Meet the Beatles, in Print and Digital

Image of printed Beatles book and eBook

The Beatles set the paradigm for modern rock stardom when Beatlemania spread around the world during the Swinging Sixties. LIFE With the Beatles presents the photographs of Bob Whitaker, the band’s official photographer, who traveled with the group from 1964 to 1966, at the height of their fame. The book collects hundreds of rare photographs by Whitaker, many never before published, and is timed to the 50th anniversary of the releases of the Beatles’ first single, “Love Me Do” (1962), and first album, “Please Please Me” (1963). Great fans of the Fab Four, we welcomed the opportunity to work on the project, and have created a design—in both print and e-book formats—that showcases Whitaker’s exuberant, intimate images.

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Bond, James Bond

Spread from James Bond

This month the new James Bond adventure “Skyfall” opens in cinemas around the world. Our latest mission has been the design of a definitive dossier on the superspy, told through images from all the classic films.

Movie audiences were first introduced to “Bond, James Bond” in “Dr. No” (1962), and in the five decades since the spy has appeared in an astonishing 23 films. Published by LIFE Books, 50 Years of James Bond is a look back at all things Bond, timed to the series’ 50th anniversary as well as the release of the latest film, “Skyfall,” which may be the biggest Bond yet. LIFE and its photographers have followed Bond through the years, documenting many of the films and actors on set, from Sean Connery, the series’ most famous Bond, to its current star, Daniel Craig.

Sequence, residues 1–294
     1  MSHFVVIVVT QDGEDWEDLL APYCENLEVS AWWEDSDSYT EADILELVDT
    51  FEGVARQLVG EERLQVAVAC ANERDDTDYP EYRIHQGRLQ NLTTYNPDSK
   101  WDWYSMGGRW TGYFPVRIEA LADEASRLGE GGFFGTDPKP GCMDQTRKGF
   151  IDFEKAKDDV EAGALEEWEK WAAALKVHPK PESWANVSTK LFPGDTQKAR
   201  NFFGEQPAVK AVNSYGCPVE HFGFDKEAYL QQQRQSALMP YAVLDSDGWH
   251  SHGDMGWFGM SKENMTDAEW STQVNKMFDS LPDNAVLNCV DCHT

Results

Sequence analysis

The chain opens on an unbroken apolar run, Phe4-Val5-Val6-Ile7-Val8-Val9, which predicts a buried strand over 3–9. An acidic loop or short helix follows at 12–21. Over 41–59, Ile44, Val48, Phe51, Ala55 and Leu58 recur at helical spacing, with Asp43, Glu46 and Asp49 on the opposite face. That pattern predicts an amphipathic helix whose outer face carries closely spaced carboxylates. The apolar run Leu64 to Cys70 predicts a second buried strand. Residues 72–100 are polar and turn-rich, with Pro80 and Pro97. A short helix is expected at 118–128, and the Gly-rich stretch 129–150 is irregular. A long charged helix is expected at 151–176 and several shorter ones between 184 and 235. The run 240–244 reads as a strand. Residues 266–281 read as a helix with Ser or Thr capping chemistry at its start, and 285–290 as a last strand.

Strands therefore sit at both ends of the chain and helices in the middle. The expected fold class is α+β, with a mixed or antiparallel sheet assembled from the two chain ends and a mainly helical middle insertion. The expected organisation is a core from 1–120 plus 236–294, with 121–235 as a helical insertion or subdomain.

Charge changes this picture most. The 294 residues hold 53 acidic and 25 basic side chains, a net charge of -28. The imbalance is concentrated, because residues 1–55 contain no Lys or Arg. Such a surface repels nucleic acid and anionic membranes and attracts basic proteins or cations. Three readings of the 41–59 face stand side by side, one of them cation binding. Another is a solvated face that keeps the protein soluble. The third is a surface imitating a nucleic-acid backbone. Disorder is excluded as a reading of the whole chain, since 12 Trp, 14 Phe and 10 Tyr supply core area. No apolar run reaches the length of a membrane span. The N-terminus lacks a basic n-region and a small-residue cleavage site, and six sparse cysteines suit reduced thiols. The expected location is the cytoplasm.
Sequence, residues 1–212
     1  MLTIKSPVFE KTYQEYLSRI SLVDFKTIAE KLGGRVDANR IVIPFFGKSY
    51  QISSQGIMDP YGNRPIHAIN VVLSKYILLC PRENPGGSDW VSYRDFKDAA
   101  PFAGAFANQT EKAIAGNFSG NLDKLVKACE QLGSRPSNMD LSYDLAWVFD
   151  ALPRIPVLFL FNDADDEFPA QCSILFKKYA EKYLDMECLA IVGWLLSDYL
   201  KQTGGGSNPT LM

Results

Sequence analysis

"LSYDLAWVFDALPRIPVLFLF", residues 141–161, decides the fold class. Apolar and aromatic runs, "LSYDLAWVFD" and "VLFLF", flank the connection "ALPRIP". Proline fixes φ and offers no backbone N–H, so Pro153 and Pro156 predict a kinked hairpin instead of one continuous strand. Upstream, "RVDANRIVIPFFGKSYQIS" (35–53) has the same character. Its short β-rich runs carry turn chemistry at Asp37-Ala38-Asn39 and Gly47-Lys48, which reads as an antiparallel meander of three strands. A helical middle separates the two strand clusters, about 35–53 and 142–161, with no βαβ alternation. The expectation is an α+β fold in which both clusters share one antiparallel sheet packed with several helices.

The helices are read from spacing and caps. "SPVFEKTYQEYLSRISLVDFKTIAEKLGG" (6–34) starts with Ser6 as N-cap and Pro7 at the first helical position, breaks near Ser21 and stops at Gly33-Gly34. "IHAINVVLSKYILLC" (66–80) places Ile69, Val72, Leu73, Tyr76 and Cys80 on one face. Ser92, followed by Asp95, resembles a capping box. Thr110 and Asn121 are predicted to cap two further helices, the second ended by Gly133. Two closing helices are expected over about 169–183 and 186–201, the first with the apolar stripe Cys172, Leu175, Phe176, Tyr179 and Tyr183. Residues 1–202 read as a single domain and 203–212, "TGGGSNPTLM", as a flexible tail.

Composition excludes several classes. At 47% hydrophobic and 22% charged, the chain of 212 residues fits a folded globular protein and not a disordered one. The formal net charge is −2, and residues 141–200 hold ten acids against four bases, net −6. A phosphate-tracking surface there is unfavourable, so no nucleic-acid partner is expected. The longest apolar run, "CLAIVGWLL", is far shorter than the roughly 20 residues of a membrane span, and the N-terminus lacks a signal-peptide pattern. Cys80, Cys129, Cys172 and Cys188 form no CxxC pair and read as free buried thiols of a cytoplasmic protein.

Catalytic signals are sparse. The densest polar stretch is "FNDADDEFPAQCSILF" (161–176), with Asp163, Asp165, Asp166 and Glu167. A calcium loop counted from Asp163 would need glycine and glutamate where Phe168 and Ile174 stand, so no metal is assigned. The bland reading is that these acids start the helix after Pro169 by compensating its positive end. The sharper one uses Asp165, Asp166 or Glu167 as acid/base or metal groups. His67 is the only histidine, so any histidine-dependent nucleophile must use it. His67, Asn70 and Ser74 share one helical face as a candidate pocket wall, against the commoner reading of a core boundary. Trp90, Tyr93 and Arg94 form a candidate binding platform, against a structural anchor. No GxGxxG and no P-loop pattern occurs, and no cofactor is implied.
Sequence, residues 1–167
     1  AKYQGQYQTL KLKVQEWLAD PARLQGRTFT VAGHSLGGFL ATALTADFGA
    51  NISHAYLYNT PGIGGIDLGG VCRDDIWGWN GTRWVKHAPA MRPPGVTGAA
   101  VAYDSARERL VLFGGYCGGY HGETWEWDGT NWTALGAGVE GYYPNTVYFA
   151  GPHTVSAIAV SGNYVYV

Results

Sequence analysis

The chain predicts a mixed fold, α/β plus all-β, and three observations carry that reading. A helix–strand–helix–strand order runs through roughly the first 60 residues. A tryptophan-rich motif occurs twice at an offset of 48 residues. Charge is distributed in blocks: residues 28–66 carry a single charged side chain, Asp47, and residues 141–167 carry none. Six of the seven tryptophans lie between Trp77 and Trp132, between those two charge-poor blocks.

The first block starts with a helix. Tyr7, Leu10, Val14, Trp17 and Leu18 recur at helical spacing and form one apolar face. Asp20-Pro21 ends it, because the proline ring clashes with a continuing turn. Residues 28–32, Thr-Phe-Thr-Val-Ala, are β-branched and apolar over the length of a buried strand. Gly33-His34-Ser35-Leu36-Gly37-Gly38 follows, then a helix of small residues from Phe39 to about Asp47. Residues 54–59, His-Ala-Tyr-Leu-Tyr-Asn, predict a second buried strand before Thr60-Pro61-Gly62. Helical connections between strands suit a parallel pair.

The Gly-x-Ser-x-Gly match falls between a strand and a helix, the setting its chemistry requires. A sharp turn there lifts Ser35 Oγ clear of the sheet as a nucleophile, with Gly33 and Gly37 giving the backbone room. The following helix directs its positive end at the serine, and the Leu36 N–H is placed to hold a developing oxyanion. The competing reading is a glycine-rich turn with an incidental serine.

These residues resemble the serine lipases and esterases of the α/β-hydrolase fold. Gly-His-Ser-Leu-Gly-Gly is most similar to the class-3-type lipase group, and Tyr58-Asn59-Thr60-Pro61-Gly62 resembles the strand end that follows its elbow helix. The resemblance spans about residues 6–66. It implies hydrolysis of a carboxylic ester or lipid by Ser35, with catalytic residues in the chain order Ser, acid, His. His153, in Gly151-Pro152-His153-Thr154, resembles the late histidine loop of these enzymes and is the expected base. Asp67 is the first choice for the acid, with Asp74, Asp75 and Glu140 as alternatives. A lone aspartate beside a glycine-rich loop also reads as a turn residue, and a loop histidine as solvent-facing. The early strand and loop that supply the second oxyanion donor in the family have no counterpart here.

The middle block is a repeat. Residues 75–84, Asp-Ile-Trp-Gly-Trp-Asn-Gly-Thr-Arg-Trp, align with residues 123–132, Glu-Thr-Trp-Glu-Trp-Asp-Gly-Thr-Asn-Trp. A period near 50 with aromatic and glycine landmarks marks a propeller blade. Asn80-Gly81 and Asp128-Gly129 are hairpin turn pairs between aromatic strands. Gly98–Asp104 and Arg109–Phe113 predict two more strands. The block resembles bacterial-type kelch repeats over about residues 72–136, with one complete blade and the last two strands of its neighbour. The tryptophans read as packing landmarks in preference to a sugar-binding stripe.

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Designing a Better Reading Experience on Screen

Custom web fonts provide a smoother reading experience. Image: Communication Arts.

Scanning lines of type as we read is so natural we rarely think about it. For designers, guiding the reading experience through typography is a precise skill combining the tight control of typesetting with the expressiveness of font selection. As publications move online, this sense of control can be thrown out the window (or browser, as it were), as how something looks often depends on the end user.

Of course, print has had hundred of years to evolve in a way that works best for readers. By comparison, online typography has had to play a hasty game of technological catch-up as publications and readers have quickly moved online, new generations of screens have higher resolutions, and type designers have had to find ways of making new fonts accessible, but not stealable. It’s no wonder the physicality of letterpress has made a comeback.

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Our Summer Reading List

After designing books all year, we look forward to our annual summer vacation, when we actually have the chance to read a few. Avid readers in our youth, we regularly stayed up all night poring over books under the blanket with a flashlight. (This was back in the days before e-readers with backlit screens.) Working life makes these marathons a little more difficult, but we recently resolved to make more time for reading and wondered where to begin. We turned to our community of designers, illustrators, editors and strategists for suggestions of the best books they’ve read. Their responses, shared here, include a mix of fiction and non-fiction, for work and pleasure, alone and with family. What are you reading this summer?

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Growing Up with E-Books

Pie charts showing results of survey


In our last post, we looked at a recent study by the Joan Ganz Cooney Center that found that children prefer e-books to print books, and that enhanced e-books may hinder reading comprehension. This got us wondering: How do kids really feel about reading books on tablets and e-readers? Li’l Robin conducted our own informal, highly unscientific survey of students in a mixed class of second and third graders at a public school in New York’s West Village. (Full disclosure: Our own little robin is enrolled in the class.)

Today’s kids are growing up reading in a period of remarkable transition. They have parents who still like to read to them from printed books; at the same time, children are now accustomed to interacting with screens, and reading a book from an electronic device is not a novelty.

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